As a matter of fact, the Wall Street Journal tells film investors, "...don't worry too much about the script. You don't even need to read it, since a good business plan should include a one-page synopsis of the story line." This article, How to Finance Your Film Production, states "you need to make creating a viable and realistic business plan your first priority. Many filmmakers create an outline business plan first, and then find a script that matches what they think they can raise." We at FilmProposals think the purpose of a business plan and pitch deck targeted towards investors outside the industry are to get people to invest in your production, not read your script.
What you put in your pitch deck should be targeted to exactly your audience and whether or not they have previous film making or investing experience.
You probably already know that when trying to get your indie film financed, you need to have a quick pitch ready at all times. Importantly, you should have a short elevator pitch and a longer, more detailed, one worked out and ready for delivery at a moment's notice. The reason you need to know how to make an indie film pitch deck is simple...
If you are truly putting in the effort to get your film financed, you will be meeting with film investors, talking to people who know film investors, and getting in contact with people who know people who know film investors. Every connection is part of the process. You can't expect every one of these people to just read your entire script, regardless of how good it is. Your longer, more detailed pitch has to cover a lot of ground, answer a lot of questions, and engage the listener in a way that makes them want to read your script. The best way to do this is by using a pitch deck.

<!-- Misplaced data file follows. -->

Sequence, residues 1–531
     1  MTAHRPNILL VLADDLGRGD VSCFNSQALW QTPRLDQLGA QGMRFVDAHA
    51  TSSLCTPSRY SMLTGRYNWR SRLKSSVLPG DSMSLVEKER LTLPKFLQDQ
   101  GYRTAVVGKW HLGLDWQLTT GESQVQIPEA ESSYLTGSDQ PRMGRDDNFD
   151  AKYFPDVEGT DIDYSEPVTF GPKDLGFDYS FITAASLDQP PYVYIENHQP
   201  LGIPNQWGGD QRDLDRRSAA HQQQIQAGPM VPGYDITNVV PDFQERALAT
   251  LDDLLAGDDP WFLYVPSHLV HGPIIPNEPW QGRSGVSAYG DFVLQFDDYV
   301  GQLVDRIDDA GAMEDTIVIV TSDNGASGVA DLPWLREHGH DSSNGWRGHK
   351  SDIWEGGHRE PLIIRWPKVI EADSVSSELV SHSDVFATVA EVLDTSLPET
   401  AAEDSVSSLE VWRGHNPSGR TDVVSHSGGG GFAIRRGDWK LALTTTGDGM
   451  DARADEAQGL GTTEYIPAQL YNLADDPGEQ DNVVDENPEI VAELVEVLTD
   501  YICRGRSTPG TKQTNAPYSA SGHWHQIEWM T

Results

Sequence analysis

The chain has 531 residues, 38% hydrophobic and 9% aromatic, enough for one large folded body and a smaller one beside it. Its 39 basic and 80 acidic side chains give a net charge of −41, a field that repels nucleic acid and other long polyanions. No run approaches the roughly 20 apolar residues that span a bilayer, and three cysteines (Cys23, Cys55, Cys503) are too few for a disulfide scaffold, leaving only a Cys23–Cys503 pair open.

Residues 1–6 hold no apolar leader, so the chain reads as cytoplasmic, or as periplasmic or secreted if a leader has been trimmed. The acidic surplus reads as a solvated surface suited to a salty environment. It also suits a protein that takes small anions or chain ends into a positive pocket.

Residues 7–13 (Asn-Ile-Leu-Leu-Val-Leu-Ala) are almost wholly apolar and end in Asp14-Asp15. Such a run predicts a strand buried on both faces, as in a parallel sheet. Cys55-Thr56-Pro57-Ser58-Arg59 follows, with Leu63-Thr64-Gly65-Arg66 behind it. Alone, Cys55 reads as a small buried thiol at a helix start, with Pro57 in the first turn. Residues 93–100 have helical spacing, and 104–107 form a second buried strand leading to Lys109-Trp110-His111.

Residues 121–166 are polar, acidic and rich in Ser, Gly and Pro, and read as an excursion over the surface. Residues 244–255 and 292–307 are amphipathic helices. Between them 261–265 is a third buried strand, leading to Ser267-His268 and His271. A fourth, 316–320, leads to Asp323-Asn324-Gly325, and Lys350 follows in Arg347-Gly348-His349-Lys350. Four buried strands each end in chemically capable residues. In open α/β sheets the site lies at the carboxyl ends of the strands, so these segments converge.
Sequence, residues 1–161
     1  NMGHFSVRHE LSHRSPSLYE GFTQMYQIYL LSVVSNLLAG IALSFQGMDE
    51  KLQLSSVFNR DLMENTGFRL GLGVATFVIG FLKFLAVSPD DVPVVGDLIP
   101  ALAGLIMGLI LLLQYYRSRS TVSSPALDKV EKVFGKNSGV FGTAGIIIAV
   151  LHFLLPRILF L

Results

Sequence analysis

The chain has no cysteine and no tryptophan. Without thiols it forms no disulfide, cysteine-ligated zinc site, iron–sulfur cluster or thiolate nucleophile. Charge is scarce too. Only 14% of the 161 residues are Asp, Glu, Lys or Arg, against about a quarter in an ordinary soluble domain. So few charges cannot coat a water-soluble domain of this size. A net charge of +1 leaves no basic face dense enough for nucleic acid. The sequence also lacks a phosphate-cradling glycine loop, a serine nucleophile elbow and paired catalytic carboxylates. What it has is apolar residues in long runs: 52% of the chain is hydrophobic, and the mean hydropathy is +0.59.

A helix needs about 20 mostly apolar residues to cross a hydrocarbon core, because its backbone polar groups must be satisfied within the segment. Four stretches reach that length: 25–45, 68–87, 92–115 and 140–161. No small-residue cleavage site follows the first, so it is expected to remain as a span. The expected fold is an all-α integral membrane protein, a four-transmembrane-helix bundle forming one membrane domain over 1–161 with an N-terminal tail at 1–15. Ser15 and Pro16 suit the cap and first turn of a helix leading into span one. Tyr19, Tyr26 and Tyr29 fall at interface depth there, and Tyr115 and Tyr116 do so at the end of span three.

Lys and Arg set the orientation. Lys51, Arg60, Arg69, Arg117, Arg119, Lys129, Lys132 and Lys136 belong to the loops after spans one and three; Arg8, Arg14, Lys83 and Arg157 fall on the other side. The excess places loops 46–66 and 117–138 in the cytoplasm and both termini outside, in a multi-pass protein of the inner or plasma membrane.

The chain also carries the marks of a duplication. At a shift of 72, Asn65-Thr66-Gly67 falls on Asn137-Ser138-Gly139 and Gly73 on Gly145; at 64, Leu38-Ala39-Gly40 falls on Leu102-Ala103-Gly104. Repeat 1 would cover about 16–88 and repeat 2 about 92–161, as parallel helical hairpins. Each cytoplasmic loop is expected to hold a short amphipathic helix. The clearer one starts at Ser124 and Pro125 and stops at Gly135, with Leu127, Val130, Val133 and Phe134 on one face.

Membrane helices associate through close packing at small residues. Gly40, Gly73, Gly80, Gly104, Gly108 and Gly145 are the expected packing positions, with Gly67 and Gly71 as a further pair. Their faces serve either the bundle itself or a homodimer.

Essentially a small PowerPoint or Keynote presentation, your indie film pitch deck lets you cover all of the most pressing questions about your project in a way that takes no more than twenty minutes. Entrepreneurs use pitch decks all the time, but many filmmakers have yet to catch on.
Design Your Indie Film Pitch Deck to Impress Visually
We get it - you're a budding filmmaker with a story to tell. However, there's a huge difference between a story that unfolds on the silver screen and the one you pitch to a film investor.
One of the major mistakes amateur indie filmmakers often make here is getting lost in the details and missing the big picture. Keep in mind, very few film investors will write a check before reading your script, but the pitch should be designed to persuade them to do that. Consider your plot synopsis. It should take up no more than one slide. Just one. Include a captivating, genre-representative image and don't be afraid to make the text small if you have to.
Next, create a mood board that shows what your visual inspirations are. Film investors, like filmmakers, tend to be visually-oriented people, so take time to indulge their senses. After that, create two slides that introduce the filmmaking team and your distribution strategy (all pulled from your Business Plan). Include any relevant professional relationships you may have and the names of film festivals to which you plan on submitting your film. Only then can you get to the big ask - your budget sheet. The best way to approach this is adding a few major line items from your top sheet budget. Try adding up:
Above the line costs
Principle photography costs
Marketing and distribution costs
This outline is by no means comprehensive, but showing a budget calculation in this way combines the most important information into a single slide without overwhelming investors at first glance. Remember, the whole point is to get them to read the script – you can give them a more detailed look at your proposed budget after the fact, when you know you've got one hooked.